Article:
Setting Effective Boundaries With Your Toddler
Kids may not believe this but it's true: We set limits because we love them. We nab that 1-year-old before he toddles into the street and let him know by our obvious fear and disapproval that it's dangerous. Limits are just as important later when children become involved in school activities and in their social life that parents are not directly supervising. Setting limits from the beginning in a reasonable, loving way will help a child develop a sense of responsibility and self-control that will serve him or her well all through life.
According to most experts, what's probably most important is the parent's ability to set reasonable limits. In its position statement on effective parenting, The National Association of School Psychologists writes: "Limits can help children feel that the world is orderly, predictable and safe. Parents should consider the child's age and development when setting limits. Limits should be enforced consistently, and there should be clear and appropriate consequences when those limits are challenged."
In other words, life should not be a series of negatives, especially for the very young child. Studies have shown that children who are raised with too many rules and regulations often don't develop effective social skills and can become rebellious later in life.
Dr. Thomas Phelan, a clinical psychologist for more than 25 years specializing in children and families and author of I Never Get Anything! (Parentmagic, Inc., 2001), says this is often a problem because parents have what he calls the "little adult assumption." In other words, parents think children are merely small adults and should be able to respond in an adult manner.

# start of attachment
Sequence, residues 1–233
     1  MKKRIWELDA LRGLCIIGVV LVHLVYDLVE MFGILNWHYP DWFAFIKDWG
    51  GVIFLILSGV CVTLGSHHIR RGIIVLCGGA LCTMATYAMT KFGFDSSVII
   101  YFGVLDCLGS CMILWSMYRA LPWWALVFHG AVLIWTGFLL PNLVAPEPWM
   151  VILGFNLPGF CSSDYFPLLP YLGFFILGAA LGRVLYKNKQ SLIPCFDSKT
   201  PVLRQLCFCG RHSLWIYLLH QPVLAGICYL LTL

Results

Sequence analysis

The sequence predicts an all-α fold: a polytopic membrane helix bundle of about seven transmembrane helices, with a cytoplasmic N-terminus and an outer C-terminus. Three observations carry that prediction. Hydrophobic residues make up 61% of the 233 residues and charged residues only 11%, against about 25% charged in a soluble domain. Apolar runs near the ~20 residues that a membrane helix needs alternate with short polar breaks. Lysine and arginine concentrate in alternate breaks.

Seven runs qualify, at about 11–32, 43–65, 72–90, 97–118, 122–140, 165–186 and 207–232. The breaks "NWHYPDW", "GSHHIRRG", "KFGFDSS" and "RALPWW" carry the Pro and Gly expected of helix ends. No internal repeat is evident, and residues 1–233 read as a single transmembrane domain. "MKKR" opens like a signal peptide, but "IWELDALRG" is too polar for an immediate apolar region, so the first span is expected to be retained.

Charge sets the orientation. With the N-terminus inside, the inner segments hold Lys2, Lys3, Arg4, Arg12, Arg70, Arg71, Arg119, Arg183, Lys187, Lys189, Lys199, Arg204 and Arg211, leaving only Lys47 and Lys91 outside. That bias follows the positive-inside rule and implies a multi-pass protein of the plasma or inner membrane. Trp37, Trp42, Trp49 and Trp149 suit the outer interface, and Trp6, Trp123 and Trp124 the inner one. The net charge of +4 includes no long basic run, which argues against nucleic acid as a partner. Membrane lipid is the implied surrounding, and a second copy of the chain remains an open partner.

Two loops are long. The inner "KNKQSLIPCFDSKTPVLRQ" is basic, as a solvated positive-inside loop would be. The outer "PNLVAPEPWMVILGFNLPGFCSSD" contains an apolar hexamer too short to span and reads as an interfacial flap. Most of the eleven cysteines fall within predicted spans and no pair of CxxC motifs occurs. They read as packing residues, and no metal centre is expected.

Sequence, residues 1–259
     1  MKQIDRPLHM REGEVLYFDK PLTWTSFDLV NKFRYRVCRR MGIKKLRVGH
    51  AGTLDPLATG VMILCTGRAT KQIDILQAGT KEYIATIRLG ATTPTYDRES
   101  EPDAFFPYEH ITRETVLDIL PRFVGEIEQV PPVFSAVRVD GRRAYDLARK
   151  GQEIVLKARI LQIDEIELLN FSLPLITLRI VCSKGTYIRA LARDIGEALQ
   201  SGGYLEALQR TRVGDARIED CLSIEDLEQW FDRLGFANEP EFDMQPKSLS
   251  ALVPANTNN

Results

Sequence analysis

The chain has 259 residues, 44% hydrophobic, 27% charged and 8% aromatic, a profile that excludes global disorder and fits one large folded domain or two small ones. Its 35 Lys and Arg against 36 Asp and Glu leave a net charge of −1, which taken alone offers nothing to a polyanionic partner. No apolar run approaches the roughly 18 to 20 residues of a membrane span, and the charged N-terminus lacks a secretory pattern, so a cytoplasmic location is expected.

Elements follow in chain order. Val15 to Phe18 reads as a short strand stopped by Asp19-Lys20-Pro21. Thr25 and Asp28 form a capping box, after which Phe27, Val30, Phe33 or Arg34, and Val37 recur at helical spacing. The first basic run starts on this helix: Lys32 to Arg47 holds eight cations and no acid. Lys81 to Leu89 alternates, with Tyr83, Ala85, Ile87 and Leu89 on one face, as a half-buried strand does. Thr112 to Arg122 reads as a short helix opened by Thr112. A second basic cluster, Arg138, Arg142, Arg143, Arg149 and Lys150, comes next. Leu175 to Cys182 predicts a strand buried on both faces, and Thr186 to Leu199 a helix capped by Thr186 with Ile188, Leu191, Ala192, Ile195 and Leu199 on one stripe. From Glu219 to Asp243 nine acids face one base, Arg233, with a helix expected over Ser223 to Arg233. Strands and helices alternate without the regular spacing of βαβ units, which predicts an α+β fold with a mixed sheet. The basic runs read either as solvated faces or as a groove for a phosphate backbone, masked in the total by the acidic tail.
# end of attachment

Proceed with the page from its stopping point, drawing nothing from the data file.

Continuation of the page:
"This is a particular problem with very intelligent and verbal parents who have children that are very intelligent and verbal," says Dr. Phelan. "Parents tend to forget they're just a kid and the parent will continually explain and then become furious when the child keeps doing the same thing 'wrong' in spite of that. The job of the parents is to help, model and praise in a nonjudgmental way."
Up to Age 1: Baby proofing is the key here, but for things that can't be put up or moved, Mom and Dad have to be on the move. Divert baby by physically removing him to another room or distracting him with a different toy. Make eye contact and say "no" in a pleasant way.
At mealtime, babies tend to throw food. Guide them with your actions, taking their hand and putting it back in the tray, telling them nicely, but firmly, that the food stays on the plate.
Ages 1 to 3: Toddlers are curious about everything; that's how they learn. When they try to pull off the cat's tail or push a cracker into the VCR, they aren't misbehaving. They merely want to see if the tail is attached or if the cracker will make the television's screen light up.
Tell your child not to pull the kitty's tail, but as you do so show him how to gently pet the kitty and point out how the kitty loves it. Tell him that the kitty's tail is attached and it hurts the kitty when you pull. Divert him from the VCR and find him a toy or play a game that helps him learn cause and effect.
Ages 3 to 5: Somewhere at the midpoint of this age range children will begin to understand right from wrong. Early on, diversion with explanations is still the best tool for setting boundaries. As they move toward age 5, explanations alone will become increasingly effective. But keep it simple: A 5-year-old doesn't need a course in neurology to understand why he shouldn't conk his sister over the head with a toy truck.